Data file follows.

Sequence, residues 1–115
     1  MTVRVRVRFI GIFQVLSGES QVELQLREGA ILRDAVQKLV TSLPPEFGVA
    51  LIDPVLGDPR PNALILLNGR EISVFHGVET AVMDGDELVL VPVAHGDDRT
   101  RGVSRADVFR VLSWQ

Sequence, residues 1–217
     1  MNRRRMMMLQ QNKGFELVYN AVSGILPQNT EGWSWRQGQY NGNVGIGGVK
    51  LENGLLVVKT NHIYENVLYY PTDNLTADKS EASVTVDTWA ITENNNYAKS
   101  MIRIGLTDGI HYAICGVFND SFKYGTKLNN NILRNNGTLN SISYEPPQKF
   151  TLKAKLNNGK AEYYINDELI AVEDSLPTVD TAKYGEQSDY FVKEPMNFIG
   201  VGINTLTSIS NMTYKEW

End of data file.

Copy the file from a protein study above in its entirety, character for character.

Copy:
Sequence, residues 1–115
     1  MTVRVRVRFI GIFQVLSGES QVELQLREGA ILRDAVQKLV TSLPPEFGVA
    51  LIDPVLGDPR PNALILLNGR EISVFHGVET AVMDGDELVL VPVAHGDDRT
   101  RGVSRADVFR VLSWQ

Sequence, residues 1–217
     1  MNRRRMMMLQ QNKGFELVYN AVSGILPQNT EGWSWRQGQY NGNVGIGGVK
    51  LENGLLVVKT NHIYENVLYY PTDNLTADKS EASVTVDTWA ITENNNYAKS
   101  MIRIGLTDGI HYAICGVFND SFKYGTKLNN NILRNNGTLN SISYEPPQKF
   151  TLKAKLNNGK AEYYINDELI AVEDSLPTVD TAKYGEQSDY FVKEPMNFIG
   201  VGINTLTSIS NMTYKEW